Monday, October 5, 2015

The Circle of Karma by Kunzang Choden

Kunzang Choden
2005, published by Zubaan
316 pages, woman's life story
Found: Kolkata Book Fair 2015

This book tells the life story of Tsomo, an illiterate woman from rural Bhutan. Tsomo’s life takes her to places she never expected – India, Nepal, Bodh Gaya – and through experiences that are unusual, to say the least. Although she was never able to learn how to read or write, she is a devout Buddhist. Illiteracy and illness cannot stop her from going on pilgrimages, or from becoming a devotee of Rinpoche, a refugee monk from Tibet. Or from finally becoming a nun toward the end of her life, focusing her energies on worship at the National Memorial chorten in Thimphu, the capital of Bhutan. Her life is one of suffering, friendships, travels, sickness, and joy – but that is just because of her karma.

Muddling through 

For personal reasons, Tsomo runs away from her family home when she is in her early 20s. When she arrives in Thimphu, she has no money, so she takes a job on a road-building crew, breaking rocks into gravel for long hours every day. As an illiterate, uneducated rural woman with few profitable skills and nowhere to call home, this job is the best she can hope for. But she doesn’t mind it, and because she is a friendly and garrulous person she manages to make friends that help her endure the hardship. Not wanting to stay on the road crew, she saves money and keeps moving, first arriving in Kalimpong, a Himalayan city near Darjeeling in India, and later going on pilgrimages farther to the west. While she moves frequently, she never really consciously decides to move: she is invited to travel with friends, or to stay with friends, or she likes a place and decides to stay. Because she is poor and homeless, there is no reason for her not to move to another place. In this unconscious way, she becomes relatively free of material attachments even before she becomes a nun.  

Throughout her travels, Tsomo finds that her skills of weaving, gardening, and brewing the Bhutanese liquor ara are a constant source of employment. She is able to keep herself fed and clothed with these basic skills, learned during her childhood in Bhutan. She is not rich, but she doesn’t need to be rich; she just needs to have enough to get by, and that’s what she is able to do with these village skills.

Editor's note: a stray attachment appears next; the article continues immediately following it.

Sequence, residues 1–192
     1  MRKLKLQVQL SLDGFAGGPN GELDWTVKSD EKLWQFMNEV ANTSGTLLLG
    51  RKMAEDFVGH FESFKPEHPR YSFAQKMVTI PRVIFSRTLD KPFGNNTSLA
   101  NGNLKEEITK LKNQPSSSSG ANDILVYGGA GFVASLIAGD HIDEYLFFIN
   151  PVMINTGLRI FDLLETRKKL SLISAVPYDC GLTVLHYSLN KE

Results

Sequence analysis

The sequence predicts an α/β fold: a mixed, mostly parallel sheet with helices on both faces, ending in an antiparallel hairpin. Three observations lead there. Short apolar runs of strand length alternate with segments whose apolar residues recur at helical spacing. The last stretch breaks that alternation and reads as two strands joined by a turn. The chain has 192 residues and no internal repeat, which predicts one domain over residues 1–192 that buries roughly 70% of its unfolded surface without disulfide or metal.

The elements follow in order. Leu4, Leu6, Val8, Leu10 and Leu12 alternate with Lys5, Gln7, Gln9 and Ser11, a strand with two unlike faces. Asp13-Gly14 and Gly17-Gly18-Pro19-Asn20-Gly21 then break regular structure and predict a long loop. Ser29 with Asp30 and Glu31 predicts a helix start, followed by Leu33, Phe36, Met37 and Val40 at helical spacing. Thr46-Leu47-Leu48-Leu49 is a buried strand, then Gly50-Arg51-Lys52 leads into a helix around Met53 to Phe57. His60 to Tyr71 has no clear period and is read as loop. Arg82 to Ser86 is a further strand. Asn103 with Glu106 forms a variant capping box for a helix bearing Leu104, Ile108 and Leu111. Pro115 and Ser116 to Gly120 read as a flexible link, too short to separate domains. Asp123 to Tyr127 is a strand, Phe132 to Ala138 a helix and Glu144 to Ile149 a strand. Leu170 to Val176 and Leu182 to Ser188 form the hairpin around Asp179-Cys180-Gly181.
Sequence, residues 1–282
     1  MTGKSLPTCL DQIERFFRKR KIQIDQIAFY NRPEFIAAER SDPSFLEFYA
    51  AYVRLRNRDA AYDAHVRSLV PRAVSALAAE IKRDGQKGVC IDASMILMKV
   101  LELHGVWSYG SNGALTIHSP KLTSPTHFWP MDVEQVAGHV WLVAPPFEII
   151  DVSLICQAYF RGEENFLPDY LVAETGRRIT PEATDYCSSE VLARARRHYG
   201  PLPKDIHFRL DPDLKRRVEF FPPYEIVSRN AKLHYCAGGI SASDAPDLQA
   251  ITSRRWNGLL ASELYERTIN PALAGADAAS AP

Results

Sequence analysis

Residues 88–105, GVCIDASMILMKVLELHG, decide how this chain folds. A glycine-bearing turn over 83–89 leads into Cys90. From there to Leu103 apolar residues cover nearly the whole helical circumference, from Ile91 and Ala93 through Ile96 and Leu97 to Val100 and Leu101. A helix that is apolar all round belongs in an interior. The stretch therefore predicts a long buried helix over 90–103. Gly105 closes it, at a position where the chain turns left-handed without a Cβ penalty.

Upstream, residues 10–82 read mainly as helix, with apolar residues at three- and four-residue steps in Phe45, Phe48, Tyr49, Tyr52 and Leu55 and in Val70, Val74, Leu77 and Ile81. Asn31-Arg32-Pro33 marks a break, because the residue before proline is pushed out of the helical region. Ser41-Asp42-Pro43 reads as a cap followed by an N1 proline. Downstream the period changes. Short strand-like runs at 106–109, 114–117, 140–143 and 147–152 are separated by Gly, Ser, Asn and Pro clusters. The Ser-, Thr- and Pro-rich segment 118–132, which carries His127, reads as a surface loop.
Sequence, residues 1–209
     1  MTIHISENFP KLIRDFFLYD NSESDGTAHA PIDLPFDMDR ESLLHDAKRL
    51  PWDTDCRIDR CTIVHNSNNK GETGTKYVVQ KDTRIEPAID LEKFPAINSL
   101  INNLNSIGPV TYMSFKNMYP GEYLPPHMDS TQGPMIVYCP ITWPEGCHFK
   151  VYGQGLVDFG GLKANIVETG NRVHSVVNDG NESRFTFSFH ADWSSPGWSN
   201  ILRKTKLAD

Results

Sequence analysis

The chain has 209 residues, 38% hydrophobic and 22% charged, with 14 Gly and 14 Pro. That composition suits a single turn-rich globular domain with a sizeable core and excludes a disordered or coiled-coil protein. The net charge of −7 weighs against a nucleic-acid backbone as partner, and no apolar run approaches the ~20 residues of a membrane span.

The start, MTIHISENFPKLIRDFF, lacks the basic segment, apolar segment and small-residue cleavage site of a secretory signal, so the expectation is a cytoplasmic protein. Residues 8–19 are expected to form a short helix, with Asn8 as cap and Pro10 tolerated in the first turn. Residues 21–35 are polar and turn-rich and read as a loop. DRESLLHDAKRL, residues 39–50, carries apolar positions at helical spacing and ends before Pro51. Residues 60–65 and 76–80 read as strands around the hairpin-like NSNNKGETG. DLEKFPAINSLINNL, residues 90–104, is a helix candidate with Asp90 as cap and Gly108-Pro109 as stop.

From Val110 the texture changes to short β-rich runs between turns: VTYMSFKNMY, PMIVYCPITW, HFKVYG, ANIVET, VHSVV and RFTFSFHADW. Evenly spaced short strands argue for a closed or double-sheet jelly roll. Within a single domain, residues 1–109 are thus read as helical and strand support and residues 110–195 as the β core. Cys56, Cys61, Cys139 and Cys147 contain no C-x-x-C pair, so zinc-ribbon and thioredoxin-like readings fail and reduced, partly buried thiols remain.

A Karmic Illness

One of the most interesting and poignant aspects of this book is the “karmic illness” that Tsomo struggles with for many years. After a premature stillbirth, Tsomo’s stomach never returns to her pre-pregnant state: for years, she continues to look eight months pregnant. Her huge stomach causes her to have enormous difficulties getting around and working. This is particularly a problem when she tries to take up weaving because she can no longer fit into the backstrap loom!

But even worse is the psychological part of her illness. She gets constant comments about her "pregnancy," and most people refuse to believe her when she tries to explain that she is actually ill. When she visits a hospital in India, the doctors even laugh and tell her to come back when the contractions start. This takes an immense toll: not only does she have trouble accomplishing the most minor tasks and consider herself deformed and ugly, but no one believes her when she tells them that she’s sick!

For the educated reader, this “karmic illness” shows all the hallmarks of cancer. But for uneducated Tsomo, it is a real mystery. The fact that no doctor believes her just exacerbates the problem; without a doctor actually listening to her, how will she get a diagnosis?  She finally is taken to an American missionary hospital, where the doctors believe her and perform surgery to remove the mass from her stomach. But in one of the most heartbreaking moments in the novel, Tsomo is unable to find out what her illness actually was:

When the doctor came to check on her she asked him what had been in her belly and he explained in great detail what it was, but all that the Tibetan interpreter said was, ‘It was a disease, an illness.’

She never learns what it was that plagued her for so long, just that it had been a disease and it had been taken out and discarded. While it is good that she finally got the much-needed medical care, it is terrible that the doctor and patient were prevented from communicating so much as the name of her disease. This highlights the great disadvantages that the illiterate Tsomo faces when navigating through modern-day India. 

As a Novel

I was a bit skeptical about this novel after reading Kunzang Choden’s short story collection, which I didn’t like very much. But it was truly worth the read, and I’m happy that I picked it up despite my misgivings. As with the short stories, my one major complaint is that the novel needed better copyediting: there are numerous typos and other errors throughout the book. Unlike with the short stories, this tale was so compelling that these minor errors did not really affect the storytelling. I wouldn't expect them to bother most readers. 

I don’t generally like these kinds of novels. But Tsomo’s story was so unique and so interesting, especially after she became ill, that I highly enjoyed it. This was a brilliant book and definitely worth reading. Highly recommended as a tale of human resilience, creativity, and friendship in the face of immense difficulties.

The Circle of Karma is available in India from Amazon and flipkart, in the UK from Amazon and Hive, and in the US from Amazon and IndieBound.

Further Reading: 

"Bhutan: what goes around comes around" from AYearofReadingtheWorld
Also check out my review of Kunzang Choden's short story collection, Tales in Color and Other Stories

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